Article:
Humans have the abilities to perceive, produce, and synchronize with a musical beat, yet there are widespread individual differences. To investigate these abilities and to determine if a dissociation between beat perception and production exists, we developed the Harvard Beat Assessment Test (H-BAT), a new battery that assesses beat perception and production abilities. H-BAT consists of four subtests: (1) music tapping test (MTT), (2) beat saliency test (BST), (3) beat interval test (BIT), and (4) beat finding and interval test (BFIT). MTT measures the degree of tapping synchronization with the beat of music, whereas BST, BIT, and BFIT measure perception and production thresholds via psychophysical adaptive stair-case methods. We administered the H-BAT on thirty individuals and investigated the performance distribution across these individuals in each subtest. There was a wide distribution in individual abilities to tap in synchrony with the beat of music during the MTT. The degree of synchronization consistency was negatively correlated with thresholds in the BST, BIT, and BFIT: a lower degree of synchronization was associated with higher perception and production thresholds. H-BAT can be a useful tool in determining an individual's ability to perceive and produce a beat within a single session. PMID:24324421

  5. Power of politics and reasonableness in policy study: on some methodological problems with the Harvard Team Report.

    PubMed

    Chun, J K

    1999-12-01

    The so-called "Harvard Team Report," commissioned by the Hong Kong government (Hong Kong SAR Government, 1999), suggests significant institutional changes to the local health care system, including a partial shift of the financial burden directly to the citizens. I argue that 1) the Report's adoption of the contextuality principle as its research framework encounters practical problems in collecting data for a reliable analysis; 2) the existing health care system already satisfies the Report's first guiding principle; 3) the Report's employment of the "working assumption" of the government (i.e., not increasing its financial support of health care) as its second guiding principle is questionable, for the share of the percentage of GDP as represented by the existing system (4.6% in 1996) is small enough; and 4) because of 3), the Report is unnecessarily constrained in its choices of considered options and seems to overlook some feasible ones. In conclusion, the methodological reasonableness of the Report is questioned. PMID:10709771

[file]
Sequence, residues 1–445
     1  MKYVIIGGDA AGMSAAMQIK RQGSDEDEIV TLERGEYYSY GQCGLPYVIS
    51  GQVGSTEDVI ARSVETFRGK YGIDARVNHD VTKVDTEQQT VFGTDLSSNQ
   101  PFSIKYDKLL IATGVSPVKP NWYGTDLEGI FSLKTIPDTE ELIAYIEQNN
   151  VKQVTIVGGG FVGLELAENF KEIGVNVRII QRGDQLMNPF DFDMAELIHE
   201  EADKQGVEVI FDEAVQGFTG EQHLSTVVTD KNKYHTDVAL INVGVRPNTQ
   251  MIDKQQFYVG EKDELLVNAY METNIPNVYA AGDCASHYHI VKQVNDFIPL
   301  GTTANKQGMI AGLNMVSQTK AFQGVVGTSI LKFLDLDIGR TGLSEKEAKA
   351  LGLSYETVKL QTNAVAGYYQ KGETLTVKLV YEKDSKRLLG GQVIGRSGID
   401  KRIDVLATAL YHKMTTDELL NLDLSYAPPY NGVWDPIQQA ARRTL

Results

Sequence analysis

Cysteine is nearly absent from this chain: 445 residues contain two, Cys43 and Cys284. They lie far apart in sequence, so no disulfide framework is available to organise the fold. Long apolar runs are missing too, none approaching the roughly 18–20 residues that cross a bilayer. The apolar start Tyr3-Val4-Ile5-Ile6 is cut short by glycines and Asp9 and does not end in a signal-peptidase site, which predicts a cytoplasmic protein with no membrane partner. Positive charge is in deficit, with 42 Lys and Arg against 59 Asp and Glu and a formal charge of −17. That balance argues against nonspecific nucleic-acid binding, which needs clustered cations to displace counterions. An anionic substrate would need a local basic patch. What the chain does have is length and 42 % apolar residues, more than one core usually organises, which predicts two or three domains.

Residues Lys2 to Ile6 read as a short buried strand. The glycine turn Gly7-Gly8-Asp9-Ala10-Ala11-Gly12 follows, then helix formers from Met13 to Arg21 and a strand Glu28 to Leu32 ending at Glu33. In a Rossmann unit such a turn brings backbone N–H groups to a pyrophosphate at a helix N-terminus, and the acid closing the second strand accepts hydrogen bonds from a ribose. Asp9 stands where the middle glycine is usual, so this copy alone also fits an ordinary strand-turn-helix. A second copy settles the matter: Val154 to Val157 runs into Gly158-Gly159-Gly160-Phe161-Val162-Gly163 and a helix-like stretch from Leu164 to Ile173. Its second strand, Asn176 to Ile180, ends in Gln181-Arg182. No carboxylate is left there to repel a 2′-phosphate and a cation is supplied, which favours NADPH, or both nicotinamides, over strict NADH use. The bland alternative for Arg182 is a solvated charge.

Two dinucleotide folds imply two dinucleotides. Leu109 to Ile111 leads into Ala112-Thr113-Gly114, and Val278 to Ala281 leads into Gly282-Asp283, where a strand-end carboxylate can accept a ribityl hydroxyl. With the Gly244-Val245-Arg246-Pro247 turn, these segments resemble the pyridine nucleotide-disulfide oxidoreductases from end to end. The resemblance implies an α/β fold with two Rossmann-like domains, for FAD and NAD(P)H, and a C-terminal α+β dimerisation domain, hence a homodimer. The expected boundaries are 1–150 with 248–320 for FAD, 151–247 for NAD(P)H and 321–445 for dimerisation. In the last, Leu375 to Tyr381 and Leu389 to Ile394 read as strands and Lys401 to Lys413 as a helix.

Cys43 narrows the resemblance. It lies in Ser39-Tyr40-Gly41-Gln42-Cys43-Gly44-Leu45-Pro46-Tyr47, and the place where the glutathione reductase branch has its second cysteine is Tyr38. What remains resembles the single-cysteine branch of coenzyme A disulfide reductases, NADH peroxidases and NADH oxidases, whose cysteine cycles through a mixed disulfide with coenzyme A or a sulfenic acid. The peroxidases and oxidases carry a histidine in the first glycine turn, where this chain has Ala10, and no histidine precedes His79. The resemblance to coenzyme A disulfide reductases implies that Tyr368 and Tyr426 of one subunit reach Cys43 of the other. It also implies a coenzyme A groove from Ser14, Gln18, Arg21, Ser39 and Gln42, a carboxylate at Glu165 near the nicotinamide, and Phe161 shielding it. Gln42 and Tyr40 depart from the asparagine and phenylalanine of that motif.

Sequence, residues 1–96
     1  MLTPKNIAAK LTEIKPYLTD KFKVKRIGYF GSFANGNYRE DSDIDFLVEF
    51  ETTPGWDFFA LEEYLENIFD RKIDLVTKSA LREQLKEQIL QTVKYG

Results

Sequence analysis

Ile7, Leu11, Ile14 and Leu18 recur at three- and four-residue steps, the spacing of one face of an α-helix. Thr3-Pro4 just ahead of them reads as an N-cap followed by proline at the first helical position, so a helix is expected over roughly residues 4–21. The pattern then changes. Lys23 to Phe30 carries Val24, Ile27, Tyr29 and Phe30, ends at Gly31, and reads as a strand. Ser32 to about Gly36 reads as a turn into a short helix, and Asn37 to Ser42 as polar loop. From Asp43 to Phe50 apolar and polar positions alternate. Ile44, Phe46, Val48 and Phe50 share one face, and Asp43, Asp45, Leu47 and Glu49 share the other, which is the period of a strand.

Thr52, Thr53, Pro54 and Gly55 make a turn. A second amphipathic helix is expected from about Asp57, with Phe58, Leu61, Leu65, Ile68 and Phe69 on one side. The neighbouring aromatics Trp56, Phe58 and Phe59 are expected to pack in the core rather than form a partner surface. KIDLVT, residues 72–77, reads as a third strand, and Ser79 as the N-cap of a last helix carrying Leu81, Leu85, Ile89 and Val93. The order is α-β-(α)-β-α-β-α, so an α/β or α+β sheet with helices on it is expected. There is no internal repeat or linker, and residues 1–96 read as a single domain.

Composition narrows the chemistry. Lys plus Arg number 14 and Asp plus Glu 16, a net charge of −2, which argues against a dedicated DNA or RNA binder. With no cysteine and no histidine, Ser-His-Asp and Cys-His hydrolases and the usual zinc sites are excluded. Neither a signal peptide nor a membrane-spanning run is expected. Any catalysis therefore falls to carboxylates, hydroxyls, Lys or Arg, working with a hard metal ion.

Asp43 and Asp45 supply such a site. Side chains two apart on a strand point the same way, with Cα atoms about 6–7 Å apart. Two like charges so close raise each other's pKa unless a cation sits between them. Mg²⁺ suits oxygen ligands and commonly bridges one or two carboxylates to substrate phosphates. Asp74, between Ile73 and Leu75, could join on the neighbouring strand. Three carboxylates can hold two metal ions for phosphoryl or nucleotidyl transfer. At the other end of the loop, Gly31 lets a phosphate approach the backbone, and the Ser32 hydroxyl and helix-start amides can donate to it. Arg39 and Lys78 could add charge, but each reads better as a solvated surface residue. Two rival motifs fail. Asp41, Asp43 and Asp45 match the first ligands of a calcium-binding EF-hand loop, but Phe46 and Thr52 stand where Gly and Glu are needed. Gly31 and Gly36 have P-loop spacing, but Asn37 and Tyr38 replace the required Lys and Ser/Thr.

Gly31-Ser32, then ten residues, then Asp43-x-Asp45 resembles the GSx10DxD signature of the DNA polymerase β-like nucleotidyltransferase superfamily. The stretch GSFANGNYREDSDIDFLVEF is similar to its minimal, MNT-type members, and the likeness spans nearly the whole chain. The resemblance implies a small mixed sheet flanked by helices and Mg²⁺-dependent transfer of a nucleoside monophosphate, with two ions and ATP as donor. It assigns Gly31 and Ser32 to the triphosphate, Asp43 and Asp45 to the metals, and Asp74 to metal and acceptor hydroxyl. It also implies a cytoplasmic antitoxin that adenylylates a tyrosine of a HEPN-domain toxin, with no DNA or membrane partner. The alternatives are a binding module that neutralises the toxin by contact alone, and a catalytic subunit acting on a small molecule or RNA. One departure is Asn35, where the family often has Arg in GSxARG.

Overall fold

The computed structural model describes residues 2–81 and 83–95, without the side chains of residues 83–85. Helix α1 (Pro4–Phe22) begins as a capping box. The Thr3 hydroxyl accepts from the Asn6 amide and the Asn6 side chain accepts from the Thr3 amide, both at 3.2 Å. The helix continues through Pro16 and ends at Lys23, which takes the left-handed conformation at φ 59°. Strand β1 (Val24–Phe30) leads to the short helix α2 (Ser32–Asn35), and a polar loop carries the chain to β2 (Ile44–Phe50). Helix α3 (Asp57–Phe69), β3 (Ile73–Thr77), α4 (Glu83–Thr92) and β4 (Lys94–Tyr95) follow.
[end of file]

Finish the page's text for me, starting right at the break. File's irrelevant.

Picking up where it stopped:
6. VALIDITATION OF A LIGHT QUESTIONNAIRE WITH REAL-LIFE PHOTOPIC ILLUMINANCE MEASUREMENTS: THE HARVARD LIGHT EXPOSURE ASSESSMENT QUESTIONNAIRE

    PubMed Central

    Bajaj, Archna; Rosner, Bernard; Lockley, Steven; Schernhammer, Eva S.

    2011-01-01

    Background Light exposure at night is now considered a probable carcinogen. To study the effects of light on chronic diseases like cancer, methods to measure light exposure in large observational studies are needed. We aimed to investigate the validity of self-reported current light exposure. Methods We developed a self-administered semiquantitative light questionnaire, the Harvard Light Exposure Assessment (H-LEA) questionnaire, and compared photopic scores derived from this questionnaire with actual photopic and circadian measures obtained from a real-life 7-day light meter application among 132 women (85 rotating night shift workers and 47 day workers) participating in the Nurses' Health Study II. Results After adjustment for age, BMI, collection day, and night work status, the overall partial Spearman correlation between self-report of light exposure and actual photopic light measurements was 0.72 (P<0.001; Kendall τ =0.57) and 0.73 (P<0.0001; Kendall τ =0.58) when correlating circadian light measurements. There were only minimal differences in accuracy of self-report of light exposure and photopic or circadian light measurement between day (r=0.77 and 0.78, respectively) and rotating night shift workers (r=0.68 and 0.69, respectively). Conclusions The results of this study provide evidence of the criterion validity of self-reported light exposure using the H-LEA questionnaire. Impact: This questionnaire is a practical method of assessing light exposure in large scale epidemiologic studies. PMID:21737411

  7. Dosimetry for ocular proton beam therapy at the Harvard Cyclotron Laboratory based on the ICRU Report 59.

    PubMed

    Newhauser, W D; Burns, J; Smith, A R

    2002-09-01